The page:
*See Justice4JP Note: "What's Wrong with this Picture?" following article.
Rep. Gary Ackerman (D-Queens/L.I.) said President Bill Clinton asked to meet with him to discuss the Pollard case after Ackerman made a plea for a commutation of Pollard's life sentence for spying for Israel and told him how contrite Pollard was.
"He said it was his understanding that Pollard had not expressed any remorse," said Ackerman of their conversation, which took place aboard Air Force One Monday following the funeral of John Cardinal O'Connor. "The president was genuinely surprised to hear that."*
Attempts to reach the White House for comment were unsuccessful.
Pollard, 45, pleaded guilty in 1987 to passing classified American intelligence secrets to Israel. At the time of his arrest in November 1985, he was a civilian U.S. Navy intelligence officer. Clinton has consistently rebuffed requests for Pollard's release on humanitarian grounds. "I told the president that I had met with Pollard and that he was extremely remorseful," Ackerman said of their prison meeting three years ago. "He said he believed that what he did was wrong and illegal and deserving of punishment. I asked Pollard that if, knowing what he knew now and believing that his actions were important for the survival of Israel and the Jewish people, what would he do if he had to do it over again. He thought for a moment and said he would have spoken with someone much wiser than himself - his father."
The congressman told Clinton that Pollard said he was not seeking a pardon because no one could excuse what he did. But what Pollard wanted, "and what so many of us want, is to see justice done. When you view his sentence in the context of other sentences of those who spied for our enemies, this punishment is more severe - even though he acted as an agent for a friend and ally of the U.S."
Ackerman said Clinton asked him to set up a meeting in the next two weeks to discuss the case. "I'm bringing the passion I feel about this particular sentencing," he said.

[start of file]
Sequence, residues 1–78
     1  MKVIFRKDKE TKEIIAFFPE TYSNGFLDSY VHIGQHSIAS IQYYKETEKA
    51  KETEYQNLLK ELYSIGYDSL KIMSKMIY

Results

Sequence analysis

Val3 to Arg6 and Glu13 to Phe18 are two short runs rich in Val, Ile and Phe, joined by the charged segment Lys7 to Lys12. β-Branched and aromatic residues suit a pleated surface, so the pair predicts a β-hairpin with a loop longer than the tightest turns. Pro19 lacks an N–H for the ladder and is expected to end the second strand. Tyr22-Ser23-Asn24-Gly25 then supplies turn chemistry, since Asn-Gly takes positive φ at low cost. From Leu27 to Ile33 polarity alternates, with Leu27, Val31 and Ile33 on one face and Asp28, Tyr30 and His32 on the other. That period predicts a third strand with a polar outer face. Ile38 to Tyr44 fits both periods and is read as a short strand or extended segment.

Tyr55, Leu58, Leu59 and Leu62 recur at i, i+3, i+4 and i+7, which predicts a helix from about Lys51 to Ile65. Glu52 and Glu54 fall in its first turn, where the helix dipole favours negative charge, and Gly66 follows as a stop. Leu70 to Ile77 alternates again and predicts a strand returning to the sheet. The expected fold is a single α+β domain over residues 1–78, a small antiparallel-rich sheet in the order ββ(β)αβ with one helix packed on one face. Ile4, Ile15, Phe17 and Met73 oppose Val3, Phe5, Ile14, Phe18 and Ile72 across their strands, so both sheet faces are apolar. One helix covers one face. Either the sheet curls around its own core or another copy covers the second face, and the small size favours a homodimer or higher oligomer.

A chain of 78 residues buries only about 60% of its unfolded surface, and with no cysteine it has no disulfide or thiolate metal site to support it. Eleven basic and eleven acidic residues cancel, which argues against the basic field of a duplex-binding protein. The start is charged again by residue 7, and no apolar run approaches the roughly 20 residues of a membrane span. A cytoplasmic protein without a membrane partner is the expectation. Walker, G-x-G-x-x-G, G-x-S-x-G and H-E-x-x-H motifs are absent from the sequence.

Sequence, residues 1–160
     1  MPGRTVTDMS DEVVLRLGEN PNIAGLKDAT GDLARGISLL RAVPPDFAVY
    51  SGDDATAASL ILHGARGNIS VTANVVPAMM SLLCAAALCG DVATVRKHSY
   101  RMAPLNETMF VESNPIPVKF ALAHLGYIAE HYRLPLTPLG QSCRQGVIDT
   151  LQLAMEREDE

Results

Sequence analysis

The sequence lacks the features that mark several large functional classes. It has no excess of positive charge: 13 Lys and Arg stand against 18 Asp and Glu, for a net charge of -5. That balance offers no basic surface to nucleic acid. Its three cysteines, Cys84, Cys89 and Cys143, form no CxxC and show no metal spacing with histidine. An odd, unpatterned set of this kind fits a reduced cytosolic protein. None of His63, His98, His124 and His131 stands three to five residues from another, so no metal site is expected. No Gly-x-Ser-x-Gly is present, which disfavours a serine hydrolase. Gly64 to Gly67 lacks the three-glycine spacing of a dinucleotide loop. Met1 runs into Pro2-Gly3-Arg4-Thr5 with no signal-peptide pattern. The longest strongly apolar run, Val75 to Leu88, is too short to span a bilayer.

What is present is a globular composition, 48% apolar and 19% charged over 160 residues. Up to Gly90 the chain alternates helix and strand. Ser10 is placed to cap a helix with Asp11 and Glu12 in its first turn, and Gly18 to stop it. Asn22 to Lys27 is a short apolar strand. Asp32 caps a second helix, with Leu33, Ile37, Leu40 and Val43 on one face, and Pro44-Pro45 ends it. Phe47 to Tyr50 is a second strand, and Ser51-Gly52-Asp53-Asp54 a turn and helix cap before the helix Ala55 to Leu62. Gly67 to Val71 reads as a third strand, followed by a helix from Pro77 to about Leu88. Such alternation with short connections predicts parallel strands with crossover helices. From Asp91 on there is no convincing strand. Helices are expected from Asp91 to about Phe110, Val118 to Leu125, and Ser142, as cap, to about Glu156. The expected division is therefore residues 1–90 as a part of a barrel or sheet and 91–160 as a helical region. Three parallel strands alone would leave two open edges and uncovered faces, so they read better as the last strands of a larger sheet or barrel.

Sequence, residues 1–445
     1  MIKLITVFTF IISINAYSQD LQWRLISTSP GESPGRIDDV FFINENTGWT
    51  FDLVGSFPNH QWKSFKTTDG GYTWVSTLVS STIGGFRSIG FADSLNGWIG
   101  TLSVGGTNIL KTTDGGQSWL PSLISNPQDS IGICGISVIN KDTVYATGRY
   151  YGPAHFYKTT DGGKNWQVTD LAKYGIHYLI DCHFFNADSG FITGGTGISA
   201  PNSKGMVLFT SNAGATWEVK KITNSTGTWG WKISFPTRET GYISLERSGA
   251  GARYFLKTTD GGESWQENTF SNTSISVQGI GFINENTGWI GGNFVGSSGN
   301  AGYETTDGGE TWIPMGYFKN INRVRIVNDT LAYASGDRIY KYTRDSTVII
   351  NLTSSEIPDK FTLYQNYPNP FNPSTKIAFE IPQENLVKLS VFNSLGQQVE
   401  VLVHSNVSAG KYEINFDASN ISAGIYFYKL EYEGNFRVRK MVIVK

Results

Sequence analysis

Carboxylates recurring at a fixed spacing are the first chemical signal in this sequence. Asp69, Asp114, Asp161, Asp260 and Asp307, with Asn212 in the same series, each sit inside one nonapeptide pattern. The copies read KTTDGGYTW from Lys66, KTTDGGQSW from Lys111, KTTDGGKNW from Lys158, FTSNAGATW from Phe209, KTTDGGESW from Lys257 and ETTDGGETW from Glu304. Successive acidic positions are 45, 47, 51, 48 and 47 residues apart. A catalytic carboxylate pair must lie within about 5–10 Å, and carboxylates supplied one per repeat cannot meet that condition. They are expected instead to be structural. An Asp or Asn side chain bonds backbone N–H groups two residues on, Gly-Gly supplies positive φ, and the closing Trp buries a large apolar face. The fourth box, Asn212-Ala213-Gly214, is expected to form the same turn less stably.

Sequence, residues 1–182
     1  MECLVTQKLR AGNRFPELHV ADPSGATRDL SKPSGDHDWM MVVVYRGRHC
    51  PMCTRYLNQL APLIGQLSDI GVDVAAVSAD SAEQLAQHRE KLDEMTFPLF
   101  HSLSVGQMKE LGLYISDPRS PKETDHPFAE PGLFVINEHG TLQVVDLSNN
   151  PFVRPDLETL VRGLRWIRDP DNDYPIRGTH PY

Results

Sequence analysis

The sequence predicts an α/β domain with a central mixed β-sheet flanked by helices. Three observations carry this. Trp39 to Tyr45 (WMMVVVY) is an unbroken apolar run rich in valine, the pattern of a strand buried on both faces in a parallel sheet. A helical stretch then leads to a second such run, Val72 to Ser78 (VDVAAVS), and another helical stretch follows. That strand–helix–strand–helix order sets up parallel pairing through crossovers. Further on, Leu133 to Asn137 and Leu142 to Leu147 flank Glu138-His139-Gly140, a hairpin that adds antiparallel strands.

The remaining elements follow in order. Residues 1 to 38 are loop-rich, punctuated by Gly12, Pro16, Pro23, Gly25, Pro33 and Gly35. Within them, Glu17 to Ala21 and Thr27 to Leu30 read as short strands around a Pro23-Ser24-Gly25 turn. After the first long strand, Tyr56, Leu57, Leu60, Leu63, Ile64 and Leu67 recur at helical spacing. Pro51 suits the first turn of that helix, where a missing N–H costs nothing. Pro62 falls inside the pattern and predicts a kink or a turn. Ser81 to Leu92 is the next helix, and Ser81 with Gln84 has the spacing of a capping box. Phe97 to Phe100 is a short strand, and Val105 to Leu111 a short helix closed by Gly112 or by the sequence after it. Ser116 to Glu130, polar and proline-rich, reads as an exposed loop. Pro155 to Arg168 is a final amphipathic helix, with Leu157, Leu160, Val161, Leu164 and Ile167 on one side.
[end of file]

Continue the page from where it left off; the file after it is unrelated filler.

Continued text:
In all of his 8 years of reviewing, the President insists that he has never come across any of Jonathan Pollard's expressions of remorse - not even the one that was personally obtained for him by former Prime Minister Shimon Peres in 1996.
Two years ago, at the signing of the Wye Accords, Mr. Clinton again promised that he would personally do a "swift", thorough review of the Pollard case. He promised to invite submissions from "both sides." This was after he reneged on his promise to then-Prime Minister Netanyahu to free Jonathan Pollard as an integral part of the Wye Accords.
Mr. Clinton then invited all of those agencies who have historically been viciously opposed to Pollard's release to submit their views for his new review. He did not invite any of the proponents of clemency for Pollard to submit their views. Both the President and and his legal counsel refused to meet with Pollard's attorney or his wife, or anyone who could speak knowledgeably on the case, in support of clemency. Indeed, Mr. Clinton also refused to meet with a delegation of Jewish leaders including Edgar Bronfman, Alan Dershowitz and Eli Wiesel, who requested the meeting in order to express their views for his new review. Neither were they permitted to submit their position in writing.
In short, the only voices Mr. Clinton was willing to hear, and the only submissions he was willing to receive were those with vested interests in keeping Pollard locked up forever. Is it anyone wonder that he has never heard about Jonathan Pollard's expressions of remorse?
Jonathan Pollard has now served 3 times as long as anyone in the history of the US for a similar offense. In his fifteenth year of a life sentence with no end, Jonathan Pollard has expressed remorse so often that the Justice4JP web site has devoted an entire subpage to his expression of remorse.
Justice4JP wonders why it is that remorse was no obstacle for President Clinton in freeing 13 unrepentant Puerto Rican FALN terrorists . These terrorists, whose organization is responsible for bombings, bank robberies, death and destruction in the US, refused to express remorse. But President Clinton freed them anyway - in spite of the strong objections of all of his agencies and advisors including the CIA the FBI and Congress. So why is it that remorse is an issue for the President only in the case of Jonathan Pollard. More importantly why is it that only when it is Jonathan Pollard, the President just can't seem to hear or see remorse at all no matter how often it is expressed...
In a recent NY radio interview, Esther Pollard, Jonathan's wife, made the following statement: "Jewish leaders repeatedly state that Jonathan Pollard deserves to be punished, but not more harshly than any one else in America sentenced for a similar crime. How long will they go on saying this without doing anything about it? Jonathan has already served three times as long as anyone in the US sentenced for a similar crime. How much longer before the Jewish community is willing to act in search of equal justice, not just talk about it?"
... And the ADL and the Jewish Federations are still asleep at the wheel.
• Remorse Page
• Letter of Remorse secured by PM Shimon Peres